Halloween: Combining Two Worlds Oct 27, 2013 22:10:04 GMT -5
Post by Joanna on Oct 27, 2013 22:10:04 GMT -5
Halloween: Combining Two Worlds
Halloween is a combination of two worlds on several levels. It is a mixture of pagan and Christian, the living and the dead, ancient and modern civilizations, folklore and history. The origins of Halloween date to the ancient Celtic festival of Samhain. This pagan celebration marked the end of the harvest season, i.e., the “bright half” of the year that began at Beltane. Samhain was the final hurrah before the beginning of “dark half.”
The ancient Celts believed that at sunset on this day, the world of the living overlapped with the world of the dead because the veil separating the living and the dead was at its thinnest. People lit bonfires and wore masks to trick any malevolent spirits intent upon enacting revenge from beyond the grave. Many researchers believe this was also a time when fortunes were told and people attempted to predict the future for the year to come.
The Romans conquered much of the Celtic territories by AD 43 and ruled for approximately 400 years. As Christianity spread, missionaries retained pagan symbols and celebrations, but substituted Christian saints for the joyous old gods. Thus, the day following Samhain became All Saints Day and the night before, All Hallows Eve, later shortened to “Halloween.”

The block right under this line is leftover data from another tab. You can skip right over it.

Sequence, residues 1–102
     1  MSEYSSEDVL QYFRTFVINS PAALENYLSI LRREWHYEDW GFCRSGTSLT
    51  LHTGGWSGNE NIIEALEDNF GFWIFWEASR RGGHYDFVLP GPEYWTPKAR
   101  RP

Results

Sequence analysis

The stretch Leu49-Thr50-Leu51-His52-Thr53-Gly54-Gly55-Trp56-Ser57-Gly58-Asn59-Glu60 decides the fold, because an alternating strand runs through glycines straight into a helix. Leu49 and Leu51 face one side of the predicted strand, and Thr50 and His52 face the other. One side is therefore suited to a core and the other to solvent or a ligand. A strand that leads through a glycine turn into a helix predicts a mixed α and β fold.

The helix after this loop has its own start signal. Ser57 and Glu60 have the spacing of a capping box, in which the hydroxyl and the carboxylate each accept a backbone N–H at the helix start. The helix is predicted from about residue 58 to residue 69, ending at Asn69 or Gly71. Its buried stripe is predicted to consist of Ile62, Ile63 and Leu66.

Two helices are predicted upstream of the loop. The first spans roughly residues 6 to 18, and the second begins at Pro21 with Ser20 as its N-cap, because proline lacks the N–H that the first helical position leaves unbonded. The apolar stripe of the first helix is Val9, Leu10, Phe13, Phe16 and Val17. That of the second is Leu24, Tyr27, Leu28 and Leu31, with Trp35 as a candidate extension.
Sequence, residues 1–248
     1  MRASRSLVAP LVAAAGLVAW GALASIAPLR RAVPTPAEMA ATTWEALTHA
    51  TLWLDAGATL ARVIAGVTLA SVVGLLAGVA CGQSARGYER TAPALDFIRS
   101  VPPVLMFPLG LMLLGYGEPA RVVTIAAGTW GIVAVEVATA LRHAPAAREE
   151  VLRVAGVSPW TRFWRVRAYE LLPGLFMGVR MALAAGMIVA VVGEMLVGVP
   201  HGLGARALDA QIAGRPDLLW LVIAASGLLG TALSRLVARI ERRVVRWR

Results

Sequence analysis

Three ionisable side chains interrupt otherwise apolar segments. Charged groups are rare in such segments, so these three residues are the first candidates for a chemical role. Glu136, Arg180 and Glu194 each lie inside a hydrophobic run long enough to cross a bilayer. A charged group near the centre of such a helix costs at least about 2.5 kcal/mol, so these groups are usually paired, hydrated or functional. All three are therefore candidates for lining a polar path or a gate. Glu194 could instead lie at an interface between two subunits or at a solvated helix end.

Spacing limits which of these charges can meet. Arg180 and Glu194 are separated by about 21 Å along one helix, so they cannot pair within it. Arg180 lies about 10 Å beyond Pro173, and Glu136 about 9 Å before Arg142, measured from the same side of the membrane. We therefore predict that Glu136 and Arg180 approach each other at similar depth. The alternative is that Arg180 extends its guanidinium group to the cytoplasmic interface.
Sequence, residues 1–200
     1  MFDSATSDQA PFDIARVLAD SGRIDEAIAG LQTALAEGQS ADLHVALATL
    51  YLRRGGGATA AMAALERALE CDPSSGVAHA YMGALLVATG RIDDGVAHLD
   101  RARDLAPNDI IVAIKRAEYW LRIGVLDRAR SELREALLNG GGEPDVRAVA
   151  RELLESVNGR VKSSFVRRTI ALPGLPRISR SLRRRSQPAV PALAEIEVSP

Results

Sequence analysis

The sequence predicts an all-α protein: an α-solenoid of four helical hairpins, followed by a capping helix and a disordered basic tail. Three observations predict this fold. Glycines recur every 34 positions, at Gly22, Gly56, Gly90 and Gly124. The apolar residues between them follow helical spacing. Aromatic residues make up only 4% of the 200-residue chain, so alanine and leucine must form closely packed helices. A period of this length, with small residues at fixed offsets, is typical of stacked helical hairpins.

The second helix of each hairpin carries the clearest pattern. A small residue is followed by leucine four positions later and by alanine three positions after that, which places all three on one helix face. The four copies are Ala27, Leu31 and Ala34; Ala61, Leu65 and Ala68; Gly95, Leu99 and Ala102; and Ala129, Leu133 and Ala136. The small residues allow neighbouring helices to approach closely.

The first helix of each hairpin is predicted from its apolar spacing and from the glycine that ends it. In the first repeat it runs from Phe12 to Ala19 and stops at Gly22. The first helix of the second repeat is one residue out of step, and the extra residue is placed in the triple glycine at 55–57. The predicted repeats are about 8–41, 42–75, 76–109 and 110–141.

Because Samhain emphasizes the supernatural, many Christians considered, and still consider, it the devil’s holiday. Though pagan practices greatly diminished following the advent of Christianity, there were those who refused to give up their joyous old gods and continued to believe the dead were just a hair’s breadth away on this magical night of the year.
Trick-or-treating is derived from the Medieval tradition of “souling,” wherein the children of the poor in England and Ireland would go door-to-door offering to sing a song or offer a prayer for a departed soul in exchange for food. The treat was a “soul cake,” which, in the beginning, consisted of flattened bread containing fruit. Variations on this practice spread throughout western Europe as far south as Italy. Shakespeare made reference to the practice of souling in his play Two Gentlemen of Verona in Act II, Scene 1, whenin the character of Speed says, “to speak puling, like a beggar at Hallowmas.”
Source: Cynthia Collins, The Los Vegas Guardian-Express, October 27, 2013.